Life gets busy, and your days go by without taking the time to harness gratitude. But when you do, a lot of great things can happen. You could become happier and more positive, sleep better, feel less anxious or depressed, and ever have better relationships.
When teaching about gratitude, Kristianna George, an Atlanta-based health and wellness coach, chooses the word “harness” for a reason. “When you’re rock climbing, you put on a harness,” George says. “Visualize this harness. We need it in order to rock climb. If we don’t have this harness, we can’t climb the mountain.” You can also put on a harness for yourself in terms of gratitude, and here are three ways to go about it.
3 Exercises That Will Help You Harness Gratitude
Break the Autopilot Cycle
It’s not uncommon to go on autopilot, where you’re going through your days without taking the time to process what’s happening around you. “In order to break that cycle, start by recalling the last time you experienced gratitude,” George says. “Write down what happened in that moment—what it felt like in your body, your mind, and in your heart.” Taking a step back and really thinking about these moments—even the littlest ones—allows you to harness gratitude.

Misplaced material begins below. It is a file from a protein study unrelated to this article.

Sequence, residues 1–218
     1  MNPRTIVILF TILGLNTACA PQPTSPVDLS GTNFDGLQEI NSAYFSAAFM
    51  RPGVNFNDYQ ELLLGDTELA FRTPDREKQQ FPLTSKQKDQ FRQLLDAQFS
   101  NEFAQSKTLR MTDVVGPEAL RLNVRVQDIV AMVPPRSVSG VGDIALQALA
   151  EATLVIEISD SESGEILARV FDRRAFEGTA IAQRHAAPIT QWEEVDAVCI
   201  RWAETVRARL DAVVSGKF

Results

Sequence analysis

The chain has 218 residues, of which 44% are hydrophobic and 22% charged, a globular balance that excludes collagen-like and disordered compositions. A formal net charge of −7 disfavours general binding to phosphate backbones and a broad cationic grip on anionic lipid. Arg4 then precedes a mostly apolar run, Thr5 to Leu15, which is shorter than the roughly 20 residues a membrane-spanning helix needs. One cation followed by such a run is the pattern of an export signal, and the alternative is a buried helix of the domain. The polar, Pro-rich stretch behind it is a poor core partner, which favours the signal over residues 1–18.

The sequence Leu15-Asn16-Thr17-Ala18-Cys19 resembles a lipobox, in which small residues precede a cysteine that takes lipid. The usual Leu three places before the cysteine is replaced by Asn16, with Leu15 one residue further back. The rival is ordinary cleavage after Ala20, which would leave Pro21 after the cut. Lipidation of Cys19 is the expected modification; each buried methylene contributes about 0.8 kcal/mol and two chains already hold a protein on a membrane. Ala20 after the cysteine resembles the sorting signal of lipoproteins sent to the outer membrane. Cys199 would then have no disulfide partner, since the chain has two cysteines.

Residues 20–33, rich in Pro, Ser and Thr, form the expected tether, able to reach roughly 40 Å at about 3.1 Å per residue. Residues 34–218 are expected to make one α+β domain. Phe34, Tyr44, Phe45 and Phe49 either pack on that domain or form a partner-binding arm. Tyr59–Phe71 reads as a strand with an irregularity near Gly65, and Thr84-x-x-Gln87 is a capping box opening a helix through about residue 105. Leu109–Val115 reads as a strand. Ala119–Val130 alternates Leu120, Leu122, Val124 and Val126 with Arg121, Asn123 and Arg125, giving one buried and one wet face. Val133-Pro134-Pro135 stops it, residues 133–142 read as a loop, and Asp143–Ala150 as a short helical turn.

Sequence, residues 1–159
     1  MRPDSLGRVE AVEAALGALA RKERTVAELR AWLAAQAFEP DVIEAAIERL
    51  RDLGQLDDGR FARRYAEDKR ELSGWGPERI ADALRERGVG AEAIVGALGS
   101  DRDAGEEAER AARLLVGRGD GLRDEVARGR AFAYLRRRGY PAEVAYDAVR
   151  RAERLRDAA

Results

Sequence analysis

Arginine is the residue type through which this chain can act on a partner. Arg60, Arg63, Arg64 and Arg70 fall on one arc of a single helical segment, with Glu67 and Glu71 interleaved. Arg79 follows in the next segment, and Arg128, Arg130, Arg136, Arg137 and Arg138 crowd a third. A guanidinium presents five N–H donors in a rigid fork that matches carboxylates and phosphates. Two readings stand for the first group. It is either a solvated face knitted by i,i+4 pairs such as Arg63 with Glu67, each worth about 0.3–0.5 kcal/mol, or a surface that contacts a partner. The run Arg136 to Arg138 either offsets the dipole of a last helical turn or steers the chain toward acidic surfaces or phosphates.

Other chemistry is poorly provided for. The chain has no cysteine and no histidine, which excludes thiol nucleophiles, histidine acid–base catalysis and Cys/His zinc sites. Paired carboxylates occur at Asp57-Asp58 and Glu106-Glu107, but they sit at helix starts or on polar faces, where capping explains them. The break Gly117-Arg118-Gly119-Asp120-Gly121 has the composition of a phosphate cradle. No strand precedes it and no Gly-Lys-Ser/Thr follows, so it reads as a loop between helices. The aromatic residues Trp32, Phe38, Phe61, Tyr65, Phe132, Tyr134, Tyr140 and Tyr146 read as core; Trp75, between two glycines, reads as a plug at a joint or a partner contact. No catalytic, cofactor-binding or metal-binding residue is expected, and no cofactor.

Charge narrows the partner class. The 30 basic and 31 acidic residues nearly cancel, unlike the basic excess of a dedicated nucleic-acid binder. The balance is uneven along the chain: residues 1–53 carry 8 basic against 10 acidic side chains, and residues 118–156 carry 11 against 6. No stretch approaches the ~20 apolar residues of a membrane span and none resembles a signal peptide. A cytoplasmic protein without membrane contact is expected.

Take in Pleasure
According to George, this step allows you to pause and carve out moments in your life to savor. “Savoring through gratitude can be used as an expression of agency, which means we’re in control of our thoughts, feelings, and actions and what happens after that,” she says. “There’s this empowered feeling that blooms within us when we’re savoring what is.”
She recommends thinking about the last time you truly savored a moment fully. “So many beautiful things are happening before us, but we’re moving so fast that we don’t even know the beauty that’s within us,” she says. Bring yourself into the moment by coming to your senses, like taking a moment during your walk to stand still and enjoy the sunshine and the fresh air.
Tune In To Positive Emotions
Another way to look at gratitude is tuning into all of your positive emotions. “Think about how you can tie gratitude to other positive emotions,” George says. “Ask yourself questions like: ‘What brings you joy? What interests you these days? What inspires you? When have you had a moment of awe?” George says you can dig even deeper into cultivating these other positive emotions by reading the book Positivity by Barbara Fredrickson.